Letter to Gwendolyn MacEwen




It may be arrogant of me to say

that we should have met,

that we should have explored

ancient Egypt together,

both the archaeological remains

and the past life memories.

If it were possible,

we should have become lovers.

It would have fulfilled my fantasies.


But we did not meet.

Instead of talking with you,

I read your novel:

King of Egypt, King of Dreams.


Instead of making love to you,

I read your Cantos,

poems about ancient Egypt

as lovely as you must have been.


Instead of sitting down

at coffee houses with you

while you were yet alive,

I read your biography

long after you had died.


It was silent about your last years,

the years I lived so near you,

the years during which I heard

so much about you.


I feel I know you enough

to write you a letter.

The ancient Egyptians

wrote letters to their dead.

This is my letter to you.




Dear Gwendolyn.


I am happy for you,

for by the time you realized

that your alcoholism

would kill you sooner

than any other

disease of choice,

you had the courage

and strength to stop.


I am sorry that

your beautiful body,

which Hathor herself

had inhabited,

gave out on you.


I am sad that

your mind,

which the best poets of the time

had acknowledged,

was extinguished.


It still pains me that

your heart,

which had encompassed so much,

which had loved so strongly,

burst under your post-alcoholic

bout of happiness.


You were a woman of free spirit,

of unbridled imagination

and towering talent.

You were married to men

who, I am sure, loved you,

but neither of them could stand

in the light of your burning flame.

Not for long.


You were not a saint.

You made mistakes

as we all do.

You believed that those people

who had touched Egypt

or who had been touched by it,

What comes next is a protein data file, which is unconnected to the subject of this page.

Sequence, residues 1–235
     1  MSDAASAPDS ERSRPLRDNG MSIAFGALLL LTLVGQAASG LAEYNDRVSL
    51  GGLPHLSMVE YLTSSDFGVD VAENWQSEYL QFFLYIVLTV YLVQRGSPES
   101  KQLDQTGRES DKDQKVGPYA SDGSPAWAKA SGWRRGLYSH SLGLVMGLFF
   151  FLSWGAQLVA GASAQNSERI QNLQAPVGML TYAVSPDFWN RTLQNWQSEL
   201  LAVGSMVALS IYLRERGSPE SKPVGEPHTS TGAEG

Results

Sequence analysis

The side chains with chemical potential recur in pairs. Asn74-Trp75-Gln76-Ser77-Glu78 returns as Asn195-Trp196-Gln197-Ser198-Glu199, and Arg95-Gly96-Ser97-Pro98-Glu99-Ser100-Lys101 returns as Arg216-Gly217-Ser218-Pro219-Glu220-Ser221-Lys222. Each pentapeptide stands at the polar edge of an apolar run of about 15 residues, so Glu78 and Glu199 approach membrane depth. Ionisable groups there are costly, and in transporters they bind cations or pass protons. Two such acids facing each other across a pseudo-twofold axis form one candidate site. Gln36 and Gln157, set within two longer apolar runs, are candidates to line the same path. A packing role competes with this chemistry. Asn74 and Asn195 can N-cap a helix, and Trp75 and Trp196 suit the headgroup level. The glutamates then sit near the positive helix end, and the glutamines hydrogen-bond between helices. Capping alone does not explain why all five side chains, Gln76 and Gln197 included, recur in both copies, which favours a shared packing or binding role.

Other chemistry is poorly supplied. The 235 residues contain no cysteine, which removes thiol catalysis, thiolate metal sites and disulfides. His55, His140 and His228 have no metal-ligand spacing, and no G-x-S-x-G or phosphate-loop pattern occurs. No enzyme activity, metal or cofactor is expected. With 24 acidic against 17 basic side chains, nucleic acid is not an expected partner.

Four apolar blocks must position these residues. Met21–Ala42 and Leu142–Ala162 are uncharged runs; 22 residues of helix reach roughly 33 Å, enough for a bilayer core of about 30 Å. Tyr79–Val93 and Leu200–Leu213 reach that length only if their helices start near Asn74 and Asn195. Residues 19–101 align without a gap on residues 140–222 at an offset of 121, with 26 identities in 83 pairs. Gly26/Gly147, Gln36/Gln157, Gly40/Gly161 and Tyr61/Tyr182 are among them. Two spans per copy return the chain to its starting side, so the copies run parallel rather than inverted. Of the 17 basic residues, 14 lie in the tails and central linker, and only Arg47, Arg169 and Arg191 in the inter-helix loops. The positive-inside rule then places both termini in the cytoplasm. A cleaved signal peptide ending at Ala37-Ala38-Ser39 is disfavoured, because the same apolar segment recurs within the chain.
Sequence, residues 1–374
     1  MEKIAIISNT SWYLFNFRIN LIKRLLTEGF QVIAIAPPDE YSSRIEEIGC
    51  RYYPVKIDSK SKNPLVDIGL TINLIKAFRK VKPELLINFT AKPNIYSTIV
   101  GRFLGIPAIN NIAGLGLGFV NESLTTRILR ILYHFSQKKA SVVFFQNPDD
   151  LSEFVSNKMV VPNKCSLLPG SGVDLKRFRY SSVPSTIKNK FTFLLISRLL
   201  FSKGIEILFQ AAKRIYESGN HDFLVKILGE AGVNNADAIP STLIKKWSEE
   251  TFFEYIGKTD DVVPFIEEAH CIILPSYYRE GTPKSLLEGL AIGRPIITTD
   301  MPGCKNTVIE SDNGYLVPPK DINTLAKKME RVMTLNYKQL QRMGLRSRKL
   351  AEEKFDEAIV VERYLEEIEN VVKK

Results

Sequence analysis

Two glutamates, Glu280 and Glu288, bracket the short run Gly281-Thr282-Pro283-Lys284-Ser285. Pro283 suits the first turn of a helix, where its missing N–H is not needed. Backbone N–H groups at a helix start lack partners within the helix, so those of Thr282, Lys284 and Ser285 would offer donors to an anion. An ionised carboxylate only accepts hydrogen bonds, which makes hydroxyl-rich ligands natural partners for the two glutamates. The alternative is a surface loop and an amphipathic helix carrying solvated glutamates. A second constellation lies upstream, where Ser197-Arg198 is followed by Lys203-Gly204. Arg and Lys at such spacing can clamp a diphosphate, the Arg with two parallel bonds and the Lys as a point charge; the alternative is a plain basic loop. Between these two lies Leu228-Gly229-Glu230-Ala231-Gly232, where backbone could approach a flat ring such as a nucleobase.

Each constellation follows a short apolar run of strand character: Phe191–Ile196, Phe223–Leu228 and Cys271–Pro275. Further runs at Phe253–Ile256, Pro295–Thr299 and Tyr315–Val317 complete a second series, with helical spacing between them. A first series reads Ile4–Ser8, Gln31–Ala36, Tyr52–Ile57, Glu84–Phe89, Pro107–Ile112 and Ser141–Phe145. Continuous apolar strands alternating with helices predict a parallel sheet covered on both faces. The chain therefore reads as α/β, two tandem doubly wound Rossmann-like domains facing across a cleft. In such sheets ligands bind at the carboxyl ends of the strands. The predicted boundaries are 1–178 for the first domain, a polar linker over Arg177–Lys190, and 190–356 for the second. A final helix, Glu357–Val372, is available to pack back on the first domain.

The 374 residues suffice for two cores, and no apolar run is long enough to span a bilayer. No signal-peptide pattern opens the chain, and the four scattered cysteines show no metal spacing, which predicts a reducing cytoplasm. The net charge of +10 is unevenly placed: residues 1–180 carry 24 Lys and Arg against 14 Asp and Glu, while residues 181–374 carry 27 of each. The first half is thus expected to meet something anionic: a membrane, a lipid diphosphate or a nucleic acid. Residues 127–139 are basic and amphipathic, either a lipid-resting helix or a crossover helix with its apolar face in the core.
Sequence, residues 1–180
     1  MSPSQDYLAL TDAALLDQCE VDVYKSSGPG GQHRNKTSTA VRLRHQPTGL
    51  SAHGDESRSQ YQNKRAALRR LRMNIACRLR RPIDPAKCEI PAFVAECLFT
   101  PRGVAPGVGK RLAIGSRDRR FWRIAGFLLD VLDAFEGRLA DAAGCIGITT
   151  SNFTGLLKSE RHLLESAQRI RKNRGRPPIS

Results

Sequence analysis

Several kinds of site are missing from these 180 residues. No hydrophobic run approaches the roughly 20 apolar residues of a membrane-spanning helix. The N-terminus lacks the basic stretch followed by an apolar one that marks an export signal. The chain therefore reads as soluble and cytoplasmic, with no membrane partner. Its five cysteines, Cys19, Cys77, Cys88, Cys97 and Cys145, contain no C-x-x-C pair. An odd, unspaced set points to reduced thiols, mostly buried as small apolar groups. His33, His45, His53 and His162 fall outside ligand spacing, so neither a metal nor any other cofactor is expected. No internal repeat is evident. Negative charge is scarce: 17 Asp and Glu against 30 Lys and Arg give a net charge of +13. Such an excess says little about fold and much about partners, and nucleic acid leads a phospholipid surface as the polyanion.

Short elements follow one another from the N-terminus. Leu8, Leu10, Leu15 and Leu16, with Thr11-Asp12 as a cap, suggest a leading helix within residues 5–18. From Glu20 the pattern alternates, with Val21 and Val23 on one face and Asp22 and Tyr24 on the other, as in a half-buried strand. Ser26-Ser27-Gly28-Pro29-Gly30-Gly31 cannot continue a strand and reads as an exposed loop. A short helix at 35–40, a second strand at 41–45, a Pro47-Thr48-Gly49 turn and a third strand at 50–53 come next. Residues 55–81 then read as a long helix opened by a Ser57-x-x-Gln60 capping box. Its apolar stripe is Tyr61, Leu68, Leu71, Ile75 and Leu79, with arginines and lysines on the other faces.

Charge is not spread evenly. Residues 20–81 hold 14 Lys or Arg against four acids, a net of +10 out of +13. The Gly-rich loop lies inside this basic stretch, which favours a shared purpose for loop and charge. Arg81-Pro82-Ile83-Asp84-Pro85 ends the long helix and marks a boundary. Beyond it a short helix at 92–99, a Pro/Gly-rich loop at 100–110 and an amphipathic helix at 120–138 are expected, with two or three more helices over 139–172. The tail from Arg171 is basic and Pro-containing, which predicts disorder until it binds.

had the magic.

But they did not!


Itís not the land that

transmits the magic,

itís not the word ĎEgyptí,

itís the people who do,

who immerse themselves

in the ancient symbols

and writings.


I am one who has been

touched by Egypt

and I recognized you

as another.

That is why

I wished to be

touched by you.

Instead, my mind was

touched by your novel,

my spirit was

touchedby your poetry.


But you died before

you could shake my hand

or sign your book for me,

before I could hug and kiss you.


I am thinking of you, Gwen,
hoping you have become Isis,
flying the skies like the kite she is,
on the wings of the western wind.


Once I climbed the Theban cliffs
high above the Valley of the Queens.
Petrified by a swishing sound

in the deadened silence of the tombs
I cowered in a wind-carved cave.

I crawled to the edge and looked

deep into the sheer drop, down
toward the desert floor and saw
a kite flying in circles.Was it you?




You see, Gwen,

I have been to Egypt,

I followed your footsteps.

I walked their temples

to commune with the

ancient soul statues,

to read the hieroglyphs,

to decipher the

symbolic art.


You did all that before me,

intuitively, emotionally,

with a poetic sensitivity.

I followed you intellectually,

both as a scholar and as a poet.

I worshipped at Akhenatenís

Gem-Pa-Aten temple

even as I excavated

its southwestern cornerstone.


You looked deeply

into the hollow eyes of

Akhenatenís colossal statue

while I contemplated

the skull of his dog

and gathered the thousand

broken pieces of his temple walls.


You saw the poetry in his

Great Hymn to the Aten

and I lived through the destruction

of both his temple and his religion.


When we returned home,

back to the streets of Toronto,

was it a flight from Egypt?

Did both of us escape the land

of our cultural and religious roots?

you, naively convinced

that its modern people

had absorbed its ancient wisdom,

and I bitterly disappointed

that they had not.


I find it easier to love you

than to idolize you.

I love you quietly, unobtrusively,

the way you had lived

the last few years of your life.


I am sure you will return,

reincarnate as some strangerís child,

you will make eyes at me

and I will say, ďOh, how cute!Ē

and you will have touched my life again

and I wonít even know it.


Until that day comes,

I will close this letter

and let you rest in peace.


Daniel Kolos

Priceville, Ontario,

June 8, 2004

written on the day when

Venus transited the Sun

revised July 27/28, 2004

corrected May 8, 2005

Published in Daniel Kolos, From One Child to Another (Shelburne, ON, 2007: The Battered Silicon Dispatch Box)